Gandhi arrived in London on 4 September 1888 to begin law school at University College. Though he avoided eating meat and drinking alcohol throughout his life, he didn't join the London Vegetarian Society until 1890-91. Once he did join, he wrote at least twelve articles on vegetarianism for the organization's journal, "The Vegetarian," between 7 February 1891 and 16 April 1892. He didn't stop writing for the Vegetarian after April 1892, but his articles were less frequent, and his next one bore the title: "English Misrule in India."
Gandhi begins with a five-part series: "Indian Vegetarians." The first part outlines reasons behind Indian vegetarianism, including religion, caste, and poverty. Next, Gandhi focuses on the two main daily meals, explaining them for his English readers. In part three, Gandhi really begins to extol the superiority of India's diet over the English. Indian flour, Gandhi explains, "is far superior to the ordinary flour that is used here for the much abused white bread." His concluding paragraph, re the English influence on Indian beverages, includes words that would have greatly appealed to the significance of the English teetotaler's cause.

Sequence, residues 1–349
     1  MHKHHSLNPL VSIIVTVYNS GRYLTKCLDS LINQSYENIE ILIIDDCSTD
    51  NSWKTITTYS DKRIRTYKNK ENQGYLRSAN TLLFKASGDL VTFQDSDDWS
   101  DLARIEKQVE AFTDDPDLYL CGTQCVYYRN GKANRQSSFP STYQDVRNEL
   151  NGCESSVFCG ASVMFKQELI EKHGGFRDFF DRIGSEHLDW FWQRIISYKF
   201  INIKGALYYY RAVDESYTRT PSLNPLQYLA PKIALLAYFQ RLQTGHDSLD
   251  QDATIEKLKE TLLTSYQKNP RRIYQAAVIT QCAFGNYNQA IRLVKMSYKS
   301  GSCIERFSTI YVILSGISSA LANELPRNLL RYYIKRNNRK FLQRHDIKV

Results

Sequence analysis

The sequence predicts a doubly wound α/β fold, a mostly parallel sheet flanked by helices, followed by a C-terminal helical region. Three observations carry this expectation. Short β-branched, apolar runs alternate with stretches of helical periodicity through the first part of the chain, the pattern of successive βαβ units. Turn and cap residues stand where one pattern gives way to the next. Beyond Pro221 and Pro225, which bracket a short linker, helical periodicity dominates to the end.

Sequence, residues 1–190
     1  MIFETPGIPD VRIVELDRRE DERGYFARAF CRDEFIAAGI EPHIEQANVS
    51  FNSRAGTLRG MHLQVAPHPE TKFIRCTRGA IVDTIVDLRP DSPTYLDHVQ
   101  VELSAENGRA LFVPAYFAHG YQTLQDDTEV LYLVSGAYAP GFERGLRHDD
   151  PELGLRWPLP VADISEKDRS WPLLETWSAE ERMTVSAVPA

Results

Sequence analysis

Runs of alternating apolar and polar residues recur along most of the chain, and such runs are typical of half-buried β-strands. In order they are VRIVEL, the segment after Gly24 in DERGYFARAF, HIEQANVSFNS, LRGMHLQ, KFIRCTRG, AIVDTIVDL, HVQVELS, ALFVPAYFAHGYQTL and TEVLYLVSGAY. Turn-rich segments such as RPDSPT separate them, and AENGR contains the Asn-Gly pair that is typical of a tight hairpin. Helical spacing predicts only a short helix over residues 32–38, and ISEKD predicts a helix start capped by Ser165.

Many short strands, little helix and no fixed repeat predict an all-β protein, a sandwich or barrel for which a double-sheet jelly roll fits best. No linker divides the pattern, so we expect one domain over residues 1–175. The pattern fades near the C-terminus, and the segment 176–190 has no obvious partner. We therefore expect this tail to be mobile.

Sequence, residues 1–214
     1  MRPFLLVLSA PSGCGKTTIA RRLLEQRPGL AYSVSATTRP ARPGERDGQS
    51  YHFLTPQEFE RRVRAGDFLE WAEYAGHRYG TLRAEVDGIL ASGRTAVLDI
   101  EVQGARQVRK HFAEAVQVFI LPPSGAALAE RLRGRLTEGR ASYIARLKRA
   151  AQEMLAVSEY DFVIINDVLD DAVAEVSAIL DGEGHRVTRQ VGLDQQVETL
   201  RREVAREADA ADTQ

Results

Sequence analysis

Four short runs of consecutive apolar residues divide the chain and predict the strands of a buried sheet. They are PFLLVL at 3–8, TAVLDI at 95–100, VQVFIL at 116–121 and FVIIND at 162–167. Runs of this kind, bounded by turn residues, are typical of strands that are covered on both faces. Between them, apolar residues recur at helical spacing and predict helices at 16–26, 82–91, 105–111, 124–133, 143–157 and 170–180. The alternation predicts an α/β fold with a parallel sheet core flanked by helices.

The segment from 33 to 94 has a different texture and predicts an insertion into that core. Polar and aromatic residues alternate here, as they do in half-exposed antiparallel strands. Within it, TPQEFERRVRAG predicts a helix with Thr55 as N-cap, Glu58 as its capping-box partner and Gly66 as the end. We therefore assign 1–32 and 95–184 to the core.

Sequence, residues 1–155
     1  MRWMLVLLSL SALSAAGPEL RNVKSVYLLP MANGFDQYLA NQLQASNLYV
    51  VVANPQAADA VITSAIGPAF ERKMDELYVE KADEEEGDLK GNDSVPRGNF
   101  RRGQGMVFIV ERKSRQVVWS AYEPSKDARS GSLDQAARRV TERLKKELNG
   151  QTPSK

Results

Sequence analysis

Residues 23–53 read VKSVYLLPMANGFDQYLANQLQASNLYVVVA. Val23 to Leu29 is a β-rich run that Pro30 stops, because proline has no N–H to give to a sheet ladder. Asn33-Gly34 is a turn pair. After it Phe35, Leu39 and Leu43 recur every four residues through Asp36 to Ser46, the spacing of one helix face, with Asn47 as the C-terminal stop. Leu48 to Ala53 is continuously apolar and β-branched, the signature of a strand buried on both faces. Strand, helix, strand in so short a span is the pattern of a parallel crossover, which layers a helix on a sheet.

The most that tea and coffee can do is to cause a little extra expense, and general debility of health when indulged to excess, but one of the most greatly felt evils of the British Rule is the importation of alcohol - that enemy of mankind, the curse of civilization - in some form or another. The measure of the evil wrought by this borrowed habit will be properly guaged by the reader when he is told that the enemy has spread throughout the length and breadth of India, in spite of religious prohibition ; for even the touch of a bottle containing alcohol pollutes the Mahomedan, according to his religion, and the religion of the Hindu strictly prohibits the use of alcohol in any form whatever, and yet alas! the Government it seems, instead of stopping, are aiding and abetting the spread of alcohol.In part four, Gandhi sets out to destroy the myth that vegetarians are weaker than omnivores. To further the point, in part five, Gandhi describes the life of an Indian shepherd, which is "
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